Those Fish Will Be Difficult to Outwit
Try as I might, it is difficult to avoid writing about fishing forever. Wish I could – but it's just not possible.
Many people don't realise it, but fishing is the most popular “sport”, in terms of the number of participants, in the UK – perhaps in the world (if you listen to fishermen). Note that I must put sport in quotation marks. This simply denotes that not everyone (including me) would accept that fishing is a sport. Not everyone, of course, believes that ice-dancing is a sport either. There I'm inclined to agree with them.
Fishing seems to have its own vocabulary. Witness this angling “report”from the local newspaper: “Waggler has been pulling a few roach on the Cut-Off and Wissey perhaps, because a pole poking about over their heads unsettles the fish in clear conditions. Loose feed and fishing well across, just off the bottom seems to be working on the Cut, while Wissey roach are fond of hemp and tares, even at this time of year. Pegs around the A10 bridges seem to be where the fish are shoaled on both waters.”
A closer examination of the language used in this report gives some insight into this strange world. In literature terms, there is a long tradition of anthromorphism (giving to animals the qualities which really belong to people). Often this is done with great skill and provides some useful insights into human behaviour which the author wishes to criticise or satirize. Examples: Orwell's Animal Farm; talking animals in the Narnia chronicles; and - how about the Four Horsemen of the Apocalypse.
In this riveting column, the reporter gives to the fish the ability to be unsettled by the sight of a fishing pole dangling over their heads. I suppose it's possible, but the more likely explanation is simpler. Dopey fishermen simply must have some justification for spending lots of money and endless time in pursuit of fish they cannot even eat (that's why in the UK it's called “course fishing”) – so they make endless efforts to imbue their quarry with human-like reflexes and behaviours in order to justify the waste of time, effort and money.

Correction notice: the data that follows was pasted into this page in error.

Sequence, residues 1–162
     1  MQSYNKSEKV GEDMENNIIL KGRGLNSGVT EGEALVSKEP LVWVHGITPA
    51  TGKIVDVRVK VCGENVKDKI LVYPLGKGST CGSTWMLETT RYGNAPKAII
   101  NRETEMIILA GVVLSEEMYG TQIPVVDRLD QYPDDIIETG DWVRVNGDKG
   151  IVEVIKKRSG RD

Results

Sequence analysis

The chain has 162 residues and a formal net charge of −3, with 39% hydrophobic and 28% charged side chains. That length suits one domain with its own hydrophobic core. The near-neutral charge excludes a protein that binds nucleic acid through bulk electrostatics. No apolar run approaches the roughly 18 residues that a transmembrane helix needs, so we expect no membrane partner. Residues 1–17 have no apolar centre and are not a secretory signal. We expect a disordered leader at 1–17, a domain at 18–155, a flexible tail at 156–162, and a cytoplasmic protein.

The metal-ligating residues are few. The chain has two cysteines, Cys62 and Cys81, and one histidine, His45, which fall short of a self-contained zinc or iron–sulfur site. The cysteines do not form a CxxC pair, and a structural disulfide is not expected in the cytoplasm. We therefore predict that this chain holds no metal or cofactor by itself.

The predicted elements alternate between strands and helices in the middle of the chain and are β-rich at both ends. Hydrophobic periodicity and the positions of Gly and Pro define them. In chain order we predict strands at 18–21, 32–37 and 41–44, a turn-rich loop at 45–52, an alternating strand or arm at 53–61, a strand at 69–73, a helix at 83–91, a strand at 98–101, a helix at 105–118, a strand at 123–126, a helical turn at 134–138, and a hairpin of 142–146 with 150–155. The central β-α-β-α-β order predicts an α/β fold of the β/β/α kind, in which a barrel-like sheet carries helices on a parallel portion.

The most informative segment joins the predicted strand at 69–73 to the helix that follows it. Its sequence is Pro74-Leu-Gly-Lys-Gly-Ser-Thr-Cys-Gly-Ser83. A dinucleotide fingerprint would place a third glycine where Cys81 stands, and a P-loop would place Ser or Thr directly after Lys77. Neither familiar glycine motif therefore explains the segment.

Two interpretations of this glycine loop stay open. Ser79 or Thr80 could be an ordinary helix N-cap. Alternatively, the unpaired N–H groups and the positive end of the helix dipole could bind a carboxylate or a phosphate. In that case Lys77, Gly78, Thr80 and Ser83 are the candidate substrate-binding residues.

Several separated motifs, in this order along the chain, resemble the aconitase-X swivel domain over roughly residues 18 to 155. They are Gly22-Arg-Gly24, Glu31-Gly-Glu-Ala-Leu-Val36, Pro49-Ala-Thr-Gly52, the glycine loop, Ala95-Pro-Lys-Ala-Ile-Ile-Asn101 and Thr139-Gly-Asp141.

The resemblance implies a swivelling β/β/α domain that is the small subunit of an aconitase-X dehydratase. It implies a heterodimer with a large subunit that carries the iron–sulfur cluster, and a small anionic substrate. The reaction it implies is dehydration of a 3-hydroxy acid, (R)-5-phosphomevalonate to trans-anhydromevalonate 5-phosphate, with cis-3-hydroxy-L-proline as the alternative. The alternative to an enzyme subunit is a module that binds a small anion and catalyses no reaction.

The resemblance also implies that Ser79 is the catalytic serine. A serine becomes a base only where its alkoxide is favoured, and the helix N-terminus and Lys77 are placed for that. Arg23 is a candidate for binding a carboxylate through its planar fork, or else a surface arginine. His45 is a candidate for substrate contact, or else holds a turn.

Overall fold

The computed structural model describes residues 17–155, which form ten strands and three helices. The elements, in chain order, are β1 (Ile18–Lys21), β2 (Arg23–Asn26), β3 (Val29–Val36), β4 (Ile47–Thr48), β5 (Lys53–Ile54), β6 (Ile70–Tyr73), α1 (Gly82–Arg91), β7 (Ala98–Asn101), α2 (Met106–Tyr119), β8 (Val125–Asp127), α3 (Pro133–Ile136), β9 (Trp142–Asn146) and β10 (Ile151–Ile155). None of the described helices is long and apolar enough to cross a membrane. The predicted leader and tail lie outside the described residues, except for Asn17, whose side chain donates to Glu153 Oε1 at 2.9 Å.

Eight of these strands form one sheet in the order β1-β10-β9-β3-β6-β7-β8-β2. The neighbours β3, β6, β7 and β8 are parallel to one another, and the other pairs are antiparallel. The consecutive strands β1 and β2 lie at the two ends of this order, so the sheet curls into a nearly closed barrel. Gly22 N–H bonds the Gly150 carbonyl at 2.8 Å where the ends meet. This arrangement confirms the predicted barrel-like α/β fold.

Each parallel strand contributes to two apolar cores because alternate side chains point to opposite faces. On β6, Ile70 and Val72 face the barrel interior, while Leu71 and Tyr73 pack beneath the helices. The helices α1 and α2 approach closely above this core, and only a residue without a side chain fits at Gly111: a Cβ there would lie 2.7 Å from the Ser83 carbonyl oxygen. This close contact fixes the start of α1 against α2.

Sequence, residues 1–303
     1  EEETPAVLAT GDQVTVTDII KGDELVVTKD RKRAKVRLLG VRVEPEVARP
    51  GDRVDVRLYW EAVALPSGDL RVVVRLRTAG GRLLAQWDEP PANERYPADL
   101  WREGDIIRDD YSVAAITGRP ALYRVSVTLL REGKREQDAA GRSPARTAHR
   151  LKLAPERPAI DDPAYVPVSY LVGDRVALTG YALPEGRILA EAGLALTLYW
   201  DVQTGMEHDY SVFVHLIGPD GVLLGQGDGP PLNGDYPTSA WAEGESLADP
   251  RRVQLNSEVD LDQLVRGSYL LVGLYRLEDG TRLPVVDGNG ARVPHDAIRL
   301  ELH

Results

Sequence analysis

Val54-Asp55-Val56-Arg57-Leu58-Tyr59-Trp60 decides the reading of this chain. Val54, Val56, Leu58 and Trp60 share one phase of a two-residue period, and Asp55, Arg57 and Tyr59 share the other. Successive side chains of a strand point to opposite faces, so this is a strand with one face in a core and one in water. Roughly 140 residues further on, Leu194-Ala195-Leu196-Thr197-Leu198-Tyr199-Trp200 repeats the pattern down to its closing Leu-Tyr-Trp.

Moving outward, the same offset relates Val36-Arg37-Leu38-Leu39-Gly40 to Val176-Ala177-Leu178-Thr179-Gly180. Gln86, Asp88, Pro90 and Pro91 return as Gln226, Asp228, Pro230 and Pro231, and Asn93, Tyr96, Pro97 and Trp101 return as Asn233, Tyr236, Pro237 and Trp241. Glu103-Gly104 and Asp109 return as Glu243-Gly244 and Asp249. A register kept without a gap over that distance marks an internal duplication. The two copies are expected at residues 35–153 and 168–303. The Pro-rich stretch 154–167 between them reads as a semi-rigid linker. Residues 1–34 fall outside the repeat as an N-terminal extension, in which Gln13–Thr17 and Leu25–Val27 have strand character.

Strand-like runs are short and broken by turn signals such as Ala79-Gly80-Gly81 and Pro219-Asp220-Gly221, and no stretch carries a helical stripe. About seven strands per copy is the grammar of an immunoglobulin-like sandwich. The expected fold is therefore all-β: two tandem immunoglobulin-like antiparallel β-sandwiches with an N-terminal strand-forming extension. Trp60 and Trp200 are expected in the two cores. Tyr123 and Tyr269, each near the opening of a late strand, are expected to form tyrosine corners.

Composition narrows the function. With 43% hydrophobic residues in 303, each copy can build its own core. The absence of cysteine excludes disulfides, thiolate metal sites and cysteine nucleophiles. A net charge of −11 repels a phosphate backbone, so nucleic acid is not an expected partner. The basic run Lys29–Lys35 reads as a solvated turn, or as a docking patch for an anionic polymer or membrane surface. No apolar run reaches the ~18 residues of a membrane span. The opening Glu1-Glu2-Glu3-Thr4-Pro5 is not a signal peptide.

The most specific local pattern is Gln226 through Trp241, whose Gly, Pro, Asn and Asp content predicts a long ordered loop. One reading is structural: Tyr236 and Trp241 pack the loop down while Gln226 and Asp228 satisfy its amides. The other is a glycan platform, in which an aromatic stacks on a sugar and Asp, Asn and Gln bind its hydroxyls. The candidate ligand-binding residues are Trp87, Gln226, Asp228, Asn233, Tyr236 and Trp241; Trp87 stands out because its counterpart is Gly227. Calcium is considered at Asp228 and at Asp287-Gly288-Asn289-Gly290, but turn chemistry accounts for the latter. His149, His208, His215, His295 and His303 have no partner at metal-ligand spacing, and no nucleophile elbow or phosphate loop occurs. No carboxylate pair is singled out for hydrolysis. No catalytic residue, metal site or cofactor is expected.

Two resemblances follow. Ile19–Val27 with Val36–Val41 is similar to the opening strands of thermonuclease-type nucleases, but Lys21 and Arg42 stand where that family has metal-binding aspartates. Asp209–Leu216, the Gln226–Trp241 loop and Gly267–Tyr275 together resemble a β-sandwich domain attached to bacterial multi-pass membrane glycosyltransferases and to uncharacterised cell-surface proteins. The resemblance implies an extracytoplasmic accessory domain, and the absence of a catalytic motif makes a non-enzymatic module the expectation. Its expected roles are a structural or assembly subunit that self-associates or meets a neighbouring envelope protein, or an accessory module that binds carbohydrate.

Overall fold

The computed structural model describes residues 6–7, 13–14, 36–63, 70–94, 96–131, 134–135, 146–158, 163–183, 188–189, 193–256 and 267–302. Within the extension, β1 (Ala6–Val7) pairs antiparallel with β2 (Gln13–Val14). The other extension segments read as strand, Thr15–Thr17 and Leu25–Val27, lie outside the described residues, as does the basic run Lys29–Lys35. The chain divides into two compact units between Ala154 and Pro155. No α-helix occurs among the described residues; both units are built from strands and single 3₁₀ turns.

Of course there are many more useless, dangerous and expensive hobbies and, as a group, fishermen are not particularly nasty. But, the hyperbole remains mind-boggling.
Back to our newspaper report: Wissey (a small river) roach are fond (anthromorphism again) of hemp and tares. I have no idea what this is? I think I know what hemp is and tares - ? is -is in the Bible - isn't it one of the parables? This is getting rather confusing. Is the reporter saying that fish are a bit partial to mary-ju-wana and small seeds? There is something odd here!
Finally, pegs (I believe this is fishing-talk for the actual place where you stand to do the fishing – it could be more complicated that that – but I just don't know) around the A10 (a road – got this one nailed!) are featuring good fishing – if I've got this figured out correctly. My way would be clearer – but, I suppose, that if you are in the fishing fraternity you are supposed to know what this means.
Fishermen are not the most rational of our fellow creatures. Trying to convince them that there really isn't much talent required to outwit a creature whose brain consists of a small swelling at the end of its spinal cord, is apt to get you a good slap with a wet roach. Nevertheless, it's true. By almost any standard you may choose – fish are stupid! Pretending that great skill and cunning are required to catch them, however, is de rigueur if you are a paid up member of the fishing fraternity.
The actuality is more prosaic. Fishing is just a “good” excuse to get away from the wife; therefore, the more esoteric the fishermen can make their sport appear – the more likely they will be able to get away with it for generations to come!
Nice one lads! Mine's a pint of lager.
As an adjunct, Roy Webster reports in the Eastern Evening News on a new book by Dr Keith A. Jones, PhD called The Scientific Approach To Catching Fish. Dr Jones claims that fish can distinguish colours and that baits which contrast against the background work best. The good doctor also claims fish can detect bait movements better in warm water than in cold and the fish in popular spots tend to recognise and avoid unnatural bait presentations (whatever they are?). Roy's concluding comments may be most enlightening. He speculates, “. . . this book may be worth reading if only to confirm anglers' own views and their discoveries at the waterside”. Giving the game away there a bit, Roy. I'm wondering if Dr. Jones' degree is in para-psychology and was awarded by the University of Malawi?
He's certainly not daft. Fishermen will probably buy his book. Let's be fair – fish are an ancient race. They have been developing strategies for avoiding predators for millions of years. However, since man and his rods, reels and multi-coloured baits have only so lately (in evolutionary time almost no time at all!) arrived on the scene; it is preposterous to suggest that fish have developed strategies to outwit “Rodman” and his neolithic supporters! I may start a campaign to ban sport fishing in order that such clever creatures are not distressed by being hauled out of a river. Actually, I'm probably too late – the League Against Cruel Sports has probably got their first.